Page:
Faced with increasing complaints about flooding in parts of the city, Mayor Dick Callaway, along with other city and regional officials, city residents and representatives of the U.S. Department of Agriculture's Natural Resources Conservation Service, toured the city Wednesday in a search for solutions.
Over the past few years, "nuisance flooding" has been increasingly common in parts of St. Albans, particularly along a creek and its tributary that run through the eastern part of the city. While the areas are fine normally, heavy rains can cause storm sewers to back up and the creeks to flood -- a relatively recent issue.
"We really aren't plagued until we have those cloud bursts," Callaway said.
Some of the flooding is caused by long-term maintenance neglect of culverts and drainage pipes. Over the years, sediment and debris have built up in the storm sewer system, which caused backups during heavy rains.
"We don't have anywhere near the capacity today that we did 20 years ago," said Robert Belcher of the Chapman Technical Group, which serves as the city's engineer.
The other issue is man-made. Structures built along and over creeks, like private bridges and retaining walls, contribute to the flooding by blocking the natural flow of the stream. In addition, the bridges and walls can catch trash and debris picked up by high water, further blocking the stream.
"Until obstructions in the streams are removed, it's not going to get any better," Belcher said.
Callaway said in recent weeks, large debris has been found in the storm sewer system -- both inadvertent and deliberate. As an example, the mayor showed photos of two tires that had been shoved into a storm sewer manhole.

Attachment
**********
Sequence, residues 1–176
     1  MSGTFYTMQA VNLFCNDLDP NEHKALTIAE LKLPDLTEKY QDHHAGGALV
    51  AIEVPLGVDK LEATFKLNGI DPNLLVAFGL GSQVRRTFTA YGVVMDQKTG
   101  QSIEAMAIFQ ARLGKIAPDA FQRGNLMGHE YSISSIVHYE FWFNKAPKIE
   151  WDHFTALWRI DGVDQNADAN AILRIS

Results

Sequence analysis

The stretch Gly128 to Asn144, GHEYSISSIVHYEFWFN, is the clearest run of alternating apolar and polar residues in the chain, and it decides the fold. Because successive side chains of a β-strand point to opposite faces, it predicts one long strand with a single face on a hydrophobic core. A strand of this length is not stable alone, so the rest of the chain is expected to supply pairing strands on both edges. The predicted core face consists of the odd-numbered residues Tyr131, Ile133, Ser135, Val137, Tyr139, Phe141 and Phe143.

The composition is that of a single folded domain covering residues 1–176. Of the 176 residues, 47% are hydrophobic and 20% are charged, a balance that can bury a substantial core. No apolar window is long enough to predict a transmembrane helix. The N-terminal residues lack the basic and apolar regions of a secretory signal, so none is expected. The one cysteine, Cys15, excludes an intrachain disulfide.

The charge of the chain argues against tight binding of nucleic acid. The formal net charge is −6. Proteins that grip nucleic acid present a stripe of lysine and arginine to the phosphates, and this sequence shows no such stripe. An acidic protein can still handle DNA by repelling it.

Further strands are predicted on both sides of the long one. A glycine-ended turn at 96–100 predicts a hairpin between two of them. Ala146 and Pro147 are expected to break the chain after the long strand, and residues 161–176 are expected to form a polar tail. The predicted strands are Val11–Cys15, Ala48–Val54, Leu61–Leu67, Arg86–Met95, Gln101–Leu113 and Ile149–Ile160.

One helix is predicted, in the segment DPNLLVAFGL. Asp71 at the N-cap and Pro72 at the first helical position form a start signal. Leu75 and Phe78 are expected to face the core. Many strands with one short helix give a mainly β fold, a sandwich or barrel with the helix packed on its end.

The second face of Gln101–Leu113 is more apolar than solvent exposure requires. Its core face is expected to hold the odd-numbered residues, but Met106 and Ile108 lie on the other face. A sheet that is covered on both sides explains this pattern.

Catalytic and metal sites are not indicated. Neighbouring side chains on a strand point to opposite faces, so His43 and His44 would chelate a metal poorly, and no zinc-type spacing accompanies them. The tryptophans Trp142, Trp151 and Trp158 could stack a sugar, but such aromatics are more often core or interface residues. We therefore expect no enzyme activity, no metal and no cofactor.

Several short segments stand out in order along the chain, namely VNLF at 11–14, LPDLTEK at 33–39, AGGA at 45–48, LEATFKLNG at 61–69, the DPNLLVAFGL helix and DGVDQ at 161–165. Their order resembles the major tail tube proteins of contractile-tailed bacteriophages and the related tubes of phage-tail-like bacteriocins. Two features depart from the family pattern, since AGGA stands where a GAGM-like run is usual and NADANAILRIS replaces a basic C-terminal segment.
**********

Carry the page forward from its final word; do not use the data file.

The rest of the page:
"We have a lot of irresponsible activity," he said.
The officials made six stops along the creeks during their tour: the baseball field on Monroe Avenue, a bridge on Chestnut Street, several stream embankments and culverts near Kanawha Terrace and Walnut Street, Monmouth Street and City Park.
"We want to mitigate this as much as we can within our abilities," Callaway said.
Previous estimates by the U.S. Army Corps of Engineers have placed the cost of solving all the flooding issues at $7 million -- money the city doesn't have.
But residents who have seen flooding in their yards and on their streets say they just want something to be done.
"Nothing ever gets done," said Joann Holmes, a Monmouth Street resident whose property crosses a creek that has experienced flooding in recent years.